What are nudges? Any instances where we can use psychology to change decisions? Does this new meta-analysis mean that, overall, attempts to apply psychology to influence decision-making don’t work? No. There are clearly psychological factors that influence our decision-making. The addictiveness of social media platforms should tell you that big tech companies have at least figured out a few tricks for influencing our clicks and views.

Asking whether “nudges work” is like asking whether “medicines work.” The category is too broad to be meaningful. Some medicines do, and some (especially medicines still being researched) don't. Even diving into the individual areas of nudge research (like food choices) doesn’t get specific enough. What we really need to assess is whether specific theories are right or wrong.

For example, Tversky and Kahneman wrote about “prospect theory,” which specifies the way that people treat losses differently from gains. (For example, you might make decisions about getting money differently from decisions about losing money.) That’s something that’s focused enough that we can really dig in and see if it holds. (In general, replications have supported Tversky and Kahneman’s research.)

Source: Andres Ayrton/Pexels
"Nudges" are like a brand that has been applied to many areas.
Source: Andres Ayrton/Pexels

Digging into the example of food choices, we might have one theory that says “habit is a big part of people’s food choices, so paying someone to eat extra vegetables every day for a month is likely to lead to their being healthier even a year later.” Another theory might say that “people like to have a full plate, so you can get them to eat less by giving them smaller plates.” If we analyze the results of studies looking at both of these questions together, what do we learn? Maybe one theory was right, and the other was wrong—but when you combine the results, it looks like “nudges of food choices don’t work.” That would be the wrong thing to conclude. One idea is right; the other isn’t. We need separate tests of each theory.

However, there is one common thread in nudge research that I think should be addressed. Some nudge research seems to be based on the idea that people are irrational and refuse to make decisions that would really benefit them—and so expert policymakers need to “trick” them into making better decisions for themselves by changing the types of questions they ask. In general, however, I believe that people are good at understanding what they want and need and evaluating whether a decision helps or hurts them.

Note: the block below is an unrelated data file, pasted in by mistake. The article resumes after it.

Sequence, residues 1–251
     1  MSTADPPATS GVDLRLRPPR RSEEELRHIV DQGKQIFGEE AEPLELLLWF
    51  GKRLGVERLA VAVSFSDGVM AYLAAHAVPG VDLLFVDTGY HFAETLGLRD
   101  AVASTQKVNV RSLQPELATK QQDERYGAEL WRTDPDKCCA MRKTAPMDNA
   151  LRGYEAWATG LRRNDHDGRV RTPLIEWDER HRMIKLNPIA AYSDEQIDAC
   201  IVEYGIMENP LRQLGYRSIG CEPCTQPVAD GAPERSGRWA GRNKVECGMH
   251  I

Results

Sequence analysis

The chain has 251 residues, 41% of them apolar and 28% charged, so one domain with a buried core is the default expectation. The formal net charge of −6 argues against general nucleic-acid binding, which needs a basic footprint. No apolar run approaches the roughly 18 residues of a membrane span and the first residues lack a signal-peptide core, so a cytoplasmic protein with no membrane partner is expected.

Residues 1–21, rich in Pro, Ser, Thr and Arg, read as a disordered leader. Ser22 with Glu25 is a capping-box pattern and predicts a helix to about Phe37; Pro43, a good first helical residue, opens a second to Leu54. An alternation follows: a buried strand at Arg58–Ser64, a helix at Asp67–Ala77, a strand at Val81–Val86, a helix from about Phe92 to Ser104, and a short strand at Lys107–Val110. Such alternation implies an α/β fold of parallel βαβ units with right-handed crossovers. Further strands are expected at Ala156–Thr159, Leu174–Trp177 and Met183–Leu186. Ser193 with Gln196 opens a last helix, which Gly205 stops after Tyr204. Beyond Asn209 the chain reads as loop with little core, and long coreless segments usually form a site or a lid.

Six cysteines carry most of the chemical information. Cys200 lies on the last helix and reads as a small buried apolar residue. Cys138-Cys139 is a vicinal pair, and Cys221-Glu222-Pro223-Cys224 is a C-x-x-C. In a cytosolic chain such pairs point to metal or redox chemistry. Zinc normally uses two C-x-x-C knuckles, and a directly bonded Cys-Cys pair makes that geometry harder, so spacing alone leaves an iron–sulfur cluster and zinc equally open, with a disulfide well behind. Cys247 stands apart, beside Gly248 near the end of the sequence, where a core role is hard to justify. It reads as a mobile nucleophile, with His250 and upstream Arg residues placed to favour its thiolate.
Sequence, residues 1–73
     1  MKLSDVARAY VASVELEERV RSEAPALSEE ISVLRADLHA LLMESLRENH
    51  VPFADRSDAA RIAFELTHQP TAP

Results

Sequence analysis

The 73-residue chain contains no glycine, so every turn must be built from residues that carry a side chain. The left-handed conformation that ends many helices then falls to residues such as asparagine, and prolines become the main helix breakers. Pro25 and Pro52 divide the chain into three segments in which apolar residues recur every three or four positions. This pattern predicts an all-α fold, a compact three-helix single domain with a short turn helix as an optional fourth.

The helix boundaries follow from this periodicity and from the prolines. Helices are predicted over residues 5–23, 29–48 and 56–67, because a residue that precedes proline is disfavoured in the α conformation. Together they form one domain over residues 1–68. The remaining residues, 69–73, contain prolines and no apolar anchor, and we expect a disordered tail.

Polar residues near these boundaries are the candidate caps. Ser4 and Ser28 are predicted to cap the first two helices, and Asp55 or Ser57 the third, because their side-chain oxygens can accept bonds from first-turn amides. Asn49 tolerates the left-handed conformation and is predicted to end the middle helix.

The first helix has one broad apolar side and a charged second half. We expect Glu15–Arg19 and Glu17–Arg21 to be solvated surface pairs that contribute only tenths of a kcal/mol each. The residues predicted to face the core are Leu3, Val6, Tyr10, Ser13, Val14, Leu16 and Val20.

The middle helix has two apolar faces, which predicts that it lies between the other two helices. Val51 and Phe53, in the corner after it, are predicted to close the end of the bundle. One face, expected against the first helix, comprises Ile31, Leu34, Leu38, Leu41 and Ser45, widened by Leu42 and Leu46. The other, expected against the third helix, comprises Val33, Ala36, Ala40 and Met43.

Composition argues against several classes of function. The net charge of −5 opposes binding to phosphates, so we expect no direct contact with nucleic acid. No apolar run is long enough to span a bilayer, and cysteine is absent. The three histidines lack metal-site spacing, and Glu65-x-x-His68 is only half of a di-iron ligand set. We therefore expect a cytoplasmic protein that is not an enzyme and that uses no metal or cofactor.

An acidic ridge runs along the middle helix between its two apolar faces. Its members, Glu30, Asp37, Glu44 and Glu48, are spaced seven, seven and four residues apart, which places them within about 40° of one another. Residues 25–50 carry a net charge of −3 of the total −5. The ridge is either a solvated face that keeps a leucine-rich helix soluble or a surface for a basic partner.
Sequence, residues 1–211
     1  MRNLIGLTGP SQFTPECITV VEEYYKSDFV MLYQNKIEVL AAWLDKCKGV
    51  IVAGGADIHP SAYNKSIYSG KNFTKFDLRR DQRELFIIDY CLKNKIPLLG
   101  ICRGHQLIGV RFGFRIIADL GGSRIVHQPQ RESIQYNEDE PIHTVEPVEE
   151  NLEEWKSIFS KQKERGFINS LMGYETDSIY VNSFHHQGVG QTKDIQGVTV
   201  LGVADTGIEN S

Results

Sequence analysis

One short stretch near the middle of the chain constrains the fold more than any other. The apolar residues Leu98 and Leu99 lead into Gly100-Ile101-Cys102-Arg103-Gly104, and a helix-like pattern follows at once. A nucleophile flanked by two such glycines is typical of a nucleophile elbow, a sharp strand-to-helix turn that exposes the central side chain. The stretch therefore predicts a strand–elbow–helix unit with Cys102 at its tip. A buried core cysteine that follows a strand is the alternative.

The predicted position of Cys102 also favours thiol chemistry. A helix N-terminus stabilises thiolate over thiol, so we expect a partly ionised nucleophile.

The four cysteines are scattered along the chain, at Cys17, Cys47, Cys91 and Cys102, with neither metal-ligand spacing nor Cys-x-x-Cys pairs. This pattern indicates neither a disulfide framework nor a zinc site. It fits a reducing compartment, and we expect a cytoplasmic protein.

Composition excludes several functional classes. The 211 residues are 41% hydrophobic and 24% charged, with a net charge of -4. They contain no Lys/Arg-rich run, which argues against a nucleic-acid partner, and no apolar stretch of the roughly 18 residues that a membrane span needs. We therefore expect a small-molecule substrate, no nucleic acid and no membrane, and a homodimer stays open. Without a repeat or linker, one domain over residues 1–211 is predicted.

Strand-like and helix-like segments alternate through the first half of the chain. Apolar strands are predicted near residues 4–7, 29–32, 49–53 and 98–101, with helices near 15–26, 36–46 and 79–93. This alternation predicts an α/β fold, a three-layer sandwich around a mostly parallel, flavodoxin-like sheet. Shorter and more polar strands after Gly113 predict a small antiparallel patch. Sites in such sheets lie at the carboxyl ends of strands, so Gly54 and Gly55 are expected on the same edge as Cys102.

Certainly, explaining things more clearly can be useful for people making decisions. Psychology research on how people understand different types of evidence (we aren’t very good at intuitively understanding statistics, for example) can help here. But nudge researchers should remember that once they’ve published their findings, anyone can read them. Once people read that experts are trying to shape their decisions, that can change what they do. They might decide that they agree with the researchers—or they might decide that they want to react against manipulation and choose the option that policymakers don’t like.

Ultimately, building theory around the idea that people are smart enough to understand the choices in their lives is one way to help make research more replicable. When the public learns what researchers have been up to, we are more willing to go along with approaches that aren’t manipulative.


Maier, M., Bartoš, F., Stanley, T. D., Shanks, D. R., Harris, A. J., & Wagenmakers, E. J. (2022). No evidence for nudging after adjusting for publication bias. Proceedings of the National Academy of Sciences, 119(31), e2200300119.

Fanelli, D. (2010). “Positive” results increase down the hierarchy of the sciences. PloS one, 5(4), e10068.